The Cantor/Brat race occurred against this unfamiliar and largely uncertain backdrop. The Tea Party movement has come a long way in recent years, gaining credibility thanks to a strong, decentralized foothold online (Willey, 6). This decentralized growth, according to John Willey of Georgetown University, has allowed the Tea Party to reach new people and take advantage of viral technology. In the Cantor/Brat race, this decentralized success of the Tea Party helped give Brat his credibility as a legitimate alternative to Cantor.
Ultimately, the credibility of the Tea Party among decentralized voters represents a limited, yet important crack in the two-party political structure. Voters saw Brat, a Tea Party candidate, as a legitimate alternative to the broken, traditional ways of Washington. New media, although not extensively used in the campaign itself, created this context by allowing the Tea Party to grow online in decentralized pockets across the country so that voters and politicians now see it as a real actor, despite its radical and still-developing identity.
Bell, Benjamin. “Rep. Eric Cantor ‘Absolutely’ Shocked by Primary Loss.” ABC News. ABC News Network, 15 June 2014. Web. 29 Aug. 2014. <http://abcnews.go.com/blogs/politics/2014/06/rep-eric-cantor-absolutely-shocked-by-primary-loss/>.
Chaggaris, Steve, and Anthony Salvantano. “House Majority Leader Eric Cantor Loses Re-election Bid.” CBSNews. CBS Interactive, 11 June 2014. Web. 29 Aug. 2014. <http://www.cbsnews.com/news/house-majority-leader-eric-cantor-loses-re-election-bid/>.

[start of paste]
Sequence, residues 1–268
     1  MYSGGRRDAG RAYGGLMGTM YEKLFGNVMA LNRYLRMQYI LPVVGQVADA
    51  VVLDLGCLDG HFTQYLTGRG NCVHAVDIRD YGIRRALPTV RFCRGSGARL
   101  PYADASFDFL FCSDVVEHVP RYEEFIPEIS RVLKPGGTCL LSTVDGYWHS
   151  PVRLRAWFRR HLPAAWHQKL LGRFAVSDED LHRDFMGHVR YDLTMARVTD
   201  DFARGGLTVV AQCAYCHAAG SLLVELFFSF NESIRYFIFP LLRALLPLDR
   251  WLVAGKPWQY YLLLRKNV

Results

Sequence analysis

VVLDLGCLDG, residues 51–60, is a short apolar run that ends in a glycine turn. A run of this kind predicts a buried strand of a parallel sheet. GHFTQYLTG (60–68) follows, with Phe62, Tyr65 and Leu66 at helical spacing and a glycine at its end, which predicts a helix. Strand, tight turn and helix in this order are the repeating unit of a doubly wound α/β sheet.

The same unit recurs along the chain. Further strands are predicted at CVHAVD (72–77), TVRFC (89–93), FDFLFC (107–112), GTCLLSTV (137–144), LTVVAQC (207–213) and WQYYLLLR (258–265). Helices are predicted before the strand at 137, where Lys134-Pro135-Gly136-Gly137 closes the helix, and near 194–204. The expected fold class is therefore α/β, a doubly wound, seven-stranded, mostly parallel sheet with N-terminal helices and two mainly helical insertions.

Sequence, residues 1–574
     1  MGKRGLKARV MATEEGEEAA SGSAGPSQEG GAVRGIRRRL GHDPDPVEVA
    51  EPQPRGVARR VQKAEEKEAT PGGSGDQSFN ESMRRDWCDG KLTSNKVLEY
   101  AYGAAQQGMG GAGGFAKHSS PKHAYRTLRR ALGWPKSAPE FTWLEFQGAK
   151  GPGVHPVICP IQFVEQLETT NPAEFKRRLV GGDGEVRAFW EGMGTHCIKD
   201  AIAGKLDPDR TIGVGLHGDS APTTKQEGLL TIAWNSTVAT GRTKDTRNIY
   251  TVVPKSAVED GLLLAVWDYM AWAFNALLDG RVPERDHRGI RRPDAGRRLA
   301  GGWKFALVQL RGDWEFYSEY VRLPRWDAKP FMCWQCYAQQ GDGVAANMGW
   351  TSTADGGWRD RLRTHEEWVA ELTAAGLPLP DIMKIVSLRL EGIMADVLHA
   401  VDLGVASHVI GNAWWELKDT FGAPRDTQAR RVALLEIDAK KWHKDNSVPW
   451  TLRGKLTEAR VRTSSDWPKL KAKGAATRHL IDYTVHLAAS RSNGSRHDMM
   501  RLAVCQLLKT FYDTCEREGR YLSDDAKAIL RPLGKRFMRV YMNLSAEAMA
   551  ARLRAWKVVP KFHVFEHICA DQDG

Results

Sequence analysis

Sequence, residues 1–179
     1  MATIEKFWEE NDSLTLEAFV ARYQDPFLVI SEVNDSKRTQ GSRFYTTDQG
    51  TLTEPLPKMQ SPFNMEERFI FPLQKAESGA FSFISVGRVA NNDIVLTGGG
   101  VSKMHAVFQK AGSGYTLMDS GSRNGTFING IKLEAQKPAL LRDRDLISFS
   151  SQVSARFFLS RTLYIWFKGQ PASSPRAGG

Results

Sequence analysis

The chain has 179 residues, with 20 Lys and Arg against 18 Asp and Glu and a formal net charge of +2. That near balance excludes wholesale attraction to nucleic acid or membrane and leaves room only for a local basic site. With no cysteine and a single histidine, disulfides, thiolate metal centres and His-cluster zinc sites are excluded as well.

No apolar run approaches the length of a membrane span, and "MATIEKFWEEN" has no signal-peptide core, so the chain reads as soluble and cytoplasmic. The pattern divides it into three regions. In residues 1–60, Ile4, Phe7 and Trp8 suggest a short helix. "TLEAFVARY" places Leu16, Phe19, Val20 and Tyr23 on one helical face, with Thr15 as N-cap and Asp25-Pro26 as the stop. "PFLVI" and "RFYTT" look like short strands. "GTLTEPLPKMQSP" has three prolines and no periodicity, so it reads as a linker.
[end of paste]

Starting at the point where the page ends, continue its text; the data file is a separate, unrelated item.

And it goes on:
Milligan, Susan. “The Perils of Politics.” US News. U.S.News & World Report, 12 June 2014. Web. 29 Aug. 2014. <http://www.usnews.com/opinion/blogs/susan-milligan/2014/06/12/cantor-learns-the-perils-of-poll-based-campaign-coverage>.
Neuman, W. Russell, Bruce Bimber, and Matthew Hindman. The Internet and Four Dimensions of Citizenship. The Oxford Handbook of American Public Opinion and the Media. 20 March 2010. <http://www.wrneuman.com/nav_pub_92_275693743.pdf>.
Sherman, Jake, and Alex Isenstadt. “How David Brat Won.” POLITICO. 11 June 2014. Web. 29 Aug. 2014. <http://www.politico.com/story/2014/06/2014-virginia-primary-david-brat-107700_Page2.html>.
Willey, John S. The Decentralized Social Movement: How the Tea Party Gained Relevancy in the New Media Era. Diss. Georgetown U, 2011. Ann Arbor: ProQuest UMI Dissertations, 2011. Print.